05/01/2015 02:24 pm ET Updated May 01, 2016

What I Gained by Running for U.S. Congress (and Losing)

A few years ago, a crazy idea crept into my head over a few glasses of wine with a close friend and mentor. I was logging some tough hours at a New York corporate law firm but wanted to get more involved politically in my home state of New Jersey. I had never held elected office but I scanned the poisonously deadlocked political landscape at the national level and remembered that this nation was built by political novices with little more than good intentions. After consulting with family, mentors and friends, I launched a big for U.S. Congress in NJ's Fifth Congressional District for the 2014 election cycle. Here's what I learned.

What We Accomplished

If I were to list everyone who helped make an initially half-baked idea develop into a real campaign that somehow made it onto the national radar, I wouldn't have enough room in this column. That being said, from the bottom of my heart, thank you to everyone who believed in our upstart campaign. We turned a race no one was paying any attention to, into a stealth grassroots movement that came tantalizingly close to becoming a huge political upset. This campaign was built on the sweat equity and generosity of some remarkable individuals.

Now, if you were to simply ask what the margin was on November 4, 2014, you might think I'm misunderstanding the meaning of "tantalizingly close". We ended up with 43% of the vote in the general election against the incumbent's 55%. We raised $1.3 million - more than any prior challenger who went up against this incumbent had ever raised - and forced the incumbent to spend more than $2.2 million of his campaign war chest to beat us - more than he'd ever spent against any prior challenger. Some additional context, I was a 32 year-old first-time candidate running as a Democrat in a district with a significant Republican advantage, against an incredibly well-financed incumbent who had been in Congress since 2002. Add to that mix the toxic year that 2014 ended up being for Democrats and you get the sense of how much we accomplished and what we built.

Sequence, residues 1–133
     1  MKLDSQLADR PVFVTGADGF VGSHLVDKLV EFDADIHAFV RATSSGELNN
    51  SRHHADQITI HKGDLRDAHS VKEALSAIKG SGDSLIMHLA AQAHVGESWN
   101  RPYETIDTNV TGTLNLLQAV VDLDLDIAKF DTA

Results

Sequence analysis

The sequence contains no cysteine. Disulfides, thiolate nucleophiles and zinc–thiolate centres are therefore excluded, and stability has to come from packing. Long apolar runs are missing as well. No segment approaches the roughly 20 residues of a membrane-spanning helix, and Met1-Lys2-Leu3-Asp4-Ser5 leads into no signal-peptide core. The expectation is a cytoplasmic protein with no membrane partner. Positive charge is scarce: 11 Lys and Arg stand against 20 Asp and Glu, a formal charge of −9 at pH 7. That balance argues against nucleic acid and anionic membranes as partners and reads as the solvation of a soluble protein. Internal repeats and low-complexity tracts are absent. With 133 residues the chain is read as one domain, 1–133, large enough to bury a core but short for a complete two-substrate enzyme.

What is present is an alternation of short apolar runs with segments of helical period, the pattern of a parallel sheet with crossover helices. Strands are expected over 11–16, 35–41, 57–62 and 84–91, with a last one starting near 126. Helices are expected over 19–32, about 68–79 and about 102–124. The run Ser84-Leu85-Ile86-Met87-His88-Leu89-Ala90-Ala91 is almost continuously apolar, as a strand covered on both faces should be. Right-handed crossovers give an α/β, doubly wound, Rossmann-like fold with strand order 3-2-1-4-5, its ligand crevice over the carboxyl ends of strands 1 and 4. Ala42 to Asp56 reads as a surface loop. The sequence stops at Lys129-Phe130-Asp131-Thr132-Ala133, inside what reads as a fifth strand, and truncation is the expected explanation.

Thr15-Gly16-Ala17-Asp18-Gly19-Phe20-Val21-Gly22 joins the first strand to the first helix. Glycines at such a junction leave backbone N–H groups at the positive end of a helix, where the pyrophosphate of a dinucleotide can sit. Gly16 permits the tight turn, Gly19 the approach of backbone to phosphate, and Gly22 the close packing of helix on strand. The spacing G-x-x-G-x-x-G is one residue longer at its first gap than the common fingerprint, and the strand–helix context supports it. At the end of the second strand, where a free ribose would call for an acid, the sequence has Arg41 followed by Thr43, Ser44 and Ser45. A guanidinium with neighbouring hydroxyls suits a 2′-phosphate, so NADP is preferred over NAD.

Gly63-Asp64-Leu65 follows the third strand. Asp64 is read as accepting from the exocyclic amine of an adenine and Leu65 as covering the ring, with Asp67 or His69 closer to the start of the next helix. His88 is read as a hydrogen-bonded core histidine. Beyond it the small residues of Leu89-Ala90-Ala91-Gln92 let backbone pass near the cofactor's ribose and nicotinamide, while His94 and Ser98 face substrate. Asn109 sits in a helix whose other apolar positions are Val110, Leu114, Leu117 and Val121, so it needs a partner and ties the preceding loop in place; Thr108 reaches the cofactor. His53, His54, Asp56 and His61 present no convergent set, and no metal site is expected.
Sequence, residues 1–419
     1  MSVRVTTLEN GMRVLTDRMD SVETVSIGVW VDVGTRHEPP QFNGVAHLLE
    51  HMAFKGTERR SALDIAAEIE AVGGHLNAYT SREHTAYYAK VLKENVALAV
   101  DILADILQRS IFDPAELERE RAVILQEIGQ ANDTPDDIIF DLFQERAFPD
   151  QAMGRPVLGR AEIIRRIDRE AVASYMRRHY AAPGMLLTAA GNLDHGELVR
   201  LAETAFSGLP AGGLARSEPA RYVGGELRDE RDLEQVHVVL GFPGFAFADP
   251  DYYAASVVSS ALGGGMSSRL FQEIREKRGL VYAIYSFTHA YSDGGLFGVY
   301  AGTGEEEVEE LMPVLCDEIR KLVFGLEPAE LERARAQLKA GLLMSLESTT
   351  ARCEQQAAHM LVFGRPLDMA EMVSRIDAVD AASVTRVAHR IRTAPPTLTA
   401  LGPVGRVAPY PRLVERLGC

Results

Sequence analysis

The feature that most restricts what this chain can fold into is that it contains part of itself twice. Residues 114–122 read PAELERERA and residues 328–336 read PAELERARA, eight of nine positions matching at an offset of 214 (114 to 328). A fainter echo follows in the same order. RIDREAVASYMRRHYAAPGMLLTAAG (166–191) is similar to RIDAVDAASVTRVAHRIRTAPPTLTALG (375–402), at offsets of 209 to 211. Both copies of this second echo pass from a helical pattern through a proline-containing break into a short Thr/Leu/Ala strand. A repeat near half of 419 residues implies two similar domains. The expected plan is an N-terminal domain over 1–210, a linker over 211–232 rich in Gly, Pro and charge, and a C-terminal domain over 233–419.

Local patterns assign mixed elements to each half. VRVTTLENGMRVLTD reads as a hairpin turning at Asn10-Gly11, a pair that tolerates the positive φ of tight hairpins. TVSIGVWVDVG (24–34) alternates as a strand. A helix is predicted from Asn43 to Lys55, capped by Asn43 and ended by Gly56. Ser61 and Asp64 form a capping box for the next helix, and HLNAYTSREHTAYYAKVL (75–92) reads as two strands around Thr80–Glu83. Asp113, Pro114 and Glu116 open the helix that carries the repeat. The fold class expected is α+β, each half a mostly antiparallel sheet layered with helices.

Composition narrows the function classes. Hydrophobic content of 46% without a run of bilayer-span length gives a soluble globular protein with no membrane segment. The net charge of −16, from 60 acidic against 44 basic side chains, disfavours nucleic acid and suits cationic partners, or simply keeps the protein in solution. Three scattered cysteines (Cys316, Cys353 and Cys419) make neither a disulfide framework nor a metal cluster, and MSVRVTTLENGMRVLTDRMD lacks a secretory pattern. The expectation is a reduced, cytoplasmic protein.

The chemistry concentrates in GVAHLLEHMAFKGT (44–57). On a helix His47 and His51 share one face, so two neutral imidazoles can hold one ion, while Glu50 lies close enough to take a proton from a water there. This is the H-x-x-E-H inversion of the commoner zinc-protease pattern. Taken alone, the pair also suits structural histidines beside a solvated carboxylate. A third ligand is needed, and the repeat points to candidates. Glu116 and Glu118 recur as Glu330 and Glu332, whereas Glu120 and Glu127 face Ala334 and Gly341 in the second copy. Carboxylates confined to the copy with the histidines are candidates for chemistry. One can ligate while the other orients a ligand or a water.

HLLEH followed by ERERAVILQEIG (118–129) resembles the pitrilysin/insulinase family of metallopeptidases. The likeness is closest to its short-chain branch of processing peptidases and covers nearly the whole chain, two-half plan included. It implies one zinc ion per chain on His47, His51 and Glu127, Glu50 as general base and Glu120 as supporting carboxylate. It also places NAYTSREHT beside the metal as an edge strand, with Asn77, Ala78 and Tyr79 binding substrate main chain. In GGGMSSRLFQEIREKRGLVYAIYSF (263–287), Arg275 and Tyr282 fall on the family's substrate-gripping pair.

Building Coalitions and Raising Money

Any challenger looking to unseat an incumbent, needs to talk to voters. And talking to voters, even with social media, is not cheap. In fact, over time, campaigns have become increasingly prohibitively expensive which makes it all the more difficult to shake up the status quo. As my friend Professor Larry Lessig of Harvard Law School expressed with Mayday PAC, before we can start talking about the issues we care about, we need meaningful campaign finance reform. Having a rigged political system where only the top 1% gets to speak into the microphone is not representative of this nation's values. Until we fix this root problem, all of the other issues we care about become background noise. That being said, I'll be forever grateful to all those across the country who gave their hard-earned money, in amounts big and small, to this campaign. One of the hardest parts of losing was realizing that both hard-earned dollars and precious time were spent.

We Are More Similar Than We Are Different

But what really shocked me during this journey was how much commonality and overlap there exists between and among us. Regardless of whether you call yourself a Democrat, Republican, or anything in between, I learned most people care about the same core things - preserving the environment, making necessary investments in infrastructure and clean energy and protecting our middle class. I also learned that most can differentiate between investing and spending our public dollars and believe that society has a responsibility to protect all citizens, regardless of race, age, gender or sexual orientation. This commonality is something that a great political leader, former U.S. Senator Bill Bradley (who headlined a very special event for our campaign) fought for in Washington, D.C. before leaving politics altogether.